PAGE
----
This change increased immensely my responsibilities and anxieties; vast sums had to be dealt with, and at times a decision had to be made in an instant upon a subject which involved grave consequences but brooked little delay. However, youth and a sanguine temperament seemed to carry me along, and in those days I managed to brush aside difficulties and annoyances which in these later times would appear to me insufferable.

One morning I was wakened up at daylight by Doering and the captain of a boat called the Tristram Shandy, which I had despatched only five days before on her maiden trip, standing at the foot of my bed. They explained to me that they had arrived within 100 miles of Wilmington when they had fallen in with a fast cruiser, who had chased them; to avoid capture they had been obliged to throw all their cargo overboard. This in itself meant a serious loss, but it was not the sum-total of the day's misfortunes, for some hours later I heard of the capture of another of our boats, and the total destruction of a third by being run ashore and destroyed by the blockaders—a heavy bill of misfortune for one day!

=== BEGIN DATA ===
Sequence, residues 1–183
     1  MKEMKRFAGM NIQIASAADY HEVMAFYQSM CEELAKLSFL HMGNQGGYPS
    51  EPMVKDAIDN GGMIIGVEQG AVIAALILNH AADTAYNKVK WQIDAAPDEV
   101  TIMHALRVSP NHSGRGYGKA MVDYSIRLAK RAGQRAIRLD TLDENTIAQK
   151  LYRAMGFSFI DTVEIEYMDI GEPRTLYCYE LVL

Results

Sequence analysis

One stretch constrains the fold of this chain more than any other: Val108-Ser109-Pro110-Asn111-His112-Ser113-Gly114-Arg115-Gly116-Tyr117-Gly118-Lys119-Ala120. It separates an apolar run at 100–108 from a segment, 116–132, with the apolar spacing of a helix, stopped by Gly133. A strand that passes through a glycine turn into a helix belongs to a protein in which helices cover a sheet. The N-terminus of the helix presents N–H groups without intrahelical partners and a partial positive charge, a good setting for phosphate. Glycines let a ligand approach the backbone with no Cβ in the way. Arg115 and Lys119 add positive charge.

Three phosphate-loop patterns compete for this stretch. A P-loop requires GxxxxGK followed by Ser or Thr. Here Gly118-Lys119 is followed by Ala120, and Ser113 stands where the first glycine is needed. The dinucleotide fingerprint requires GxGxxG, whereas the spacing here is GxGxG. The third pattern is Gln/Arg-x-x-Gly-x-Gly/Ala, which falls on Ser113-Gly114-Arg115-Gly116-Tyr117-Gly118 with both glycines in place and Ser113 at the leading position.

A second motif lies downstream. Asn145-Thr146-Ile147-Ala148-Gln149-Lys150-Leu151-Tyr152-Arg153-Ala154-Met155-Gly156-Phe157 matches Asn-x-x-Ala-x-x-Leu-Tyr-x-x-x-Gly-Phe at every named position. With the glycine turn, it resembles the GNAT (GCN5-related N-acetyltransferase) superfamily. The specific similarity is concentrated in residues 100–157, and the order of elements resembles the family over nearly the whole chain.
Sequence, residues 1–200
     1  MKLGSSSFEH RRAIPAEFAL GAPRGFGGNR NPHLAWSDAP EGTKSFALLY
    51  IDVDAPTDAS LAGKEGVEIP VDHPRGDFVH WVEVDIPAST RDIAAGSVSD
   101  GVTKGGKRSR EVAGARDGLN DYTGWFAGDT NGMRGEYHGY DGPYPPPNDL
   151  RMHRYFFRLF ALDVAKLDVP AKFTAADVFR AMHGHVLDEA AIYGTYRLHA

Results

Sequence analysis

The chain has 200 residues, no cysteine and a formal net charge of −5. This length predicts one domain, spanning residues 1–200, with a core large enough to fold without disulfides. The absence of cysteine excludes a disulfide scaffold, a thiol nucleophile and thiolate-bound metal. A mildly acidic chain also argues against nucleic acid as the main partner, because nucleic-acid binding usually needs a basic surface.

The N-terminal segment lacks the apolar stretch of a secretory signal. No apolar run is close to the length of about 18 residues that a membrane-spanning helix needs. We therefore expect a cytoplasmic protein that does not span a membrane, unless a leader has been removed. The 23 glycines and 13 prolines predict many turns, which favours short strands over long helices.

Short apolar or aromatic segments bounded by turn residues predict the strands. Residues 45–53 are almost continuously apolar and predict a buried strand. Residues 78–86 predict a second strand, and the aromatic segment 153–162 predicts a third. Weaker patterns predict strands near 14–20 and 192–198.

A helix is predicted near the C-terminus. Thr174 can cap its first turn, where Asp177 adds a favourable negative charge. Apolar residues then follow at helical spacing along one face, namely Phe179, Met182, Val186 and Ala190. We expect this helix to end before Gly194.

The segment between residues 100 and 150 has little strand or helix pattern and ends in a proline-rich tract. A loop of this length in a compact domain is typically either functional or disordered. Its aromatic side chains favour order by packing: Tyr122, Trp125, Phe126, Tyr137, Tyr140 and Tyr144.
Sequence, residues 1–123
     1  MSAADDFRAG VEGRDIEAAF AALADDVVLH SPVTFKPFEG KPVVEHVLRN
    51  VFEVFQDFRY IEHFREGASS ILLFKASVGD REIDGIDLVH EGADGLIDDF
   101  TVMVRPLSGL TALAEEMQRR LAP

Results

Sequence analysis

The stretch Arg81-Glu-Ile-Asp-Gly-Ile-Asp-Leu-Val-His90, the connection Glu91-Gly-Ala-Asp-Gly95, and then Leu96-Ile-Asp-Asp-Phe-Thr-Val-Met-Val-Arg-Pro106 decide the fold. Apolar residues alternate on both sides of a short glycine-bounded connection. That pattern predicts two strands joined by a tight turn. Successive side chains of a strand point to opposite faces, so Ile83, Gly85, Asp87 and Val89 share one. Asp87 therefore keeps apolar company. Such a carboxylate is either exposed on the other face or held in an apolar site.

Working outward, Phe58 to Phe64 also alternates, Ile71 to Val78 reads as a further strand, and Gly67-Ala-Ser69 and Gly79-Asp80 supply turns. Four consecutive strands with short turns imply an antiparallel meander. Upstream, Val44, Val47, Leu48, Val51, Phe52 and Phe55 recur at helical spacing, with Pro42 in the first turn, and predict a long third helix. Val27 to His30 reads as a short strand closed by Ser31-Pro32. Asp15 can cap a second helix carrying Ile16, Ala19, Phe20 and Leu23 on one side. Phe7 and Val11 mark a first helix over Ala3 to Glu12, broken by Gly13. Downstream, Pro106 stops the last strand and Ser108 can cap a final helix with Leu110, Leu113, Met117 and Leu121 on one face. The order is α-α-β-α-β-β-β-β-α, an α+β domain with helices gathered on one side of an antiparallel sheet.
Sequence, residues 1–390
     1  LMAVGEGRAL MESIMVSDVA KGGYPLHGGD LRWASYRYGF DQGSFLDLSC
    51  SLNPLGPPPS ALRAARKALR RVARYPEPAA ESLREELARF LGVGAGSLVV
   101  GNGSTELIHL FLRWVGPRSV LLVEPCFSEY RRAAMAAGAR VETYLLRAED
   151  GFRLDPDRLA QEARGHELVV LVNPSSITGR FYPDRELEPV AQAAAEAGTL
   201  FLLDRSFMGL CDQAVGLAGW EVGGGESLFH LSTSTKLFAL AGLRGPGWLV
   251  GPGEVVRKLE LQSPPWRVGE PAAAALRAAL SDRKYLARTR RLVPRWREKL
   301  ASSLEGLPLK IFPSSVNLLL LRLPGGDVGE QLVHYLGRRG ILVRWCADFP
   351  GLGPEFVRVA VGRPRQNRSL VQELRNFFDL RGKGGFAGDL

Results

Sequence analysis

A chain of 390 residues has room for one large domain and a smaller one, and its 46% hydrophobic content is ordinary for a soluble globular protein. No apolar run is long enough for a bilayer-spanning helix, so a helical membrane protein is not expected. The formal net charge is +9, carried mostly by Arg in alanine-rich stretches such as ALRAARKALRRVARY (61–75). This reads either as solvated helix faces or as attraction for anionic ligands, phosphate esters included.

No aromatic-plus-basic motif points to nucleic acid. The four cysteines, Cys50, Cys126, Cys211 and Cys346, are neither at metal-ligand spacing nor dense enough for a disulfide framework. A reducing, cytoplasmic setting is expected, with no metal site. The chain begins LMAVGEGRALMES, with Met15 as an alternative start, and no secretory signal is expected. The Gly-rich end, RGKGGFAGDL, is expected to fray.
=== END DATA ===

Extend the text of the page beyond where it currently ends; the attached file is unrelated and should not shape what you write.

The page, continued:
The Tristram Shandy had a very short and unfortunate career; after being reloaded subsequent to her compulsory return, she started on her second attempt and steamed safely in. But in coming out her funnels, owing to the peculiar construction of her boilers, flamed very much, and it appears that a gunboat followed her by this flame all night, and when morning broke was seen to be about three miles astern. The captain at once ordered extra steam to be put on, but owing to this having been done too suddenly, one of her valve spindles was wrenched off, and she lay helpless at the mercy of the chaser, who speedily came up and took possession.

She had on board a very valuable cargo of cotton, and in addition $50,000 in specie belonging to the Confederate Government; this, according to agreement with the Government, Doering proceeded to throw overboard, but some of the crew, determined to have a finger in the spoil, rushed aft and broke open the kegs. In the mêlée a quantity of gold pieces were strewn among the cotton bales on deck, and when the Northerners came on board they were very irate to think they had lost a considerable portion of their prize money. The steamer was taken into Philadelphia and condemned, and the crew were kept prisoners in New York for several months.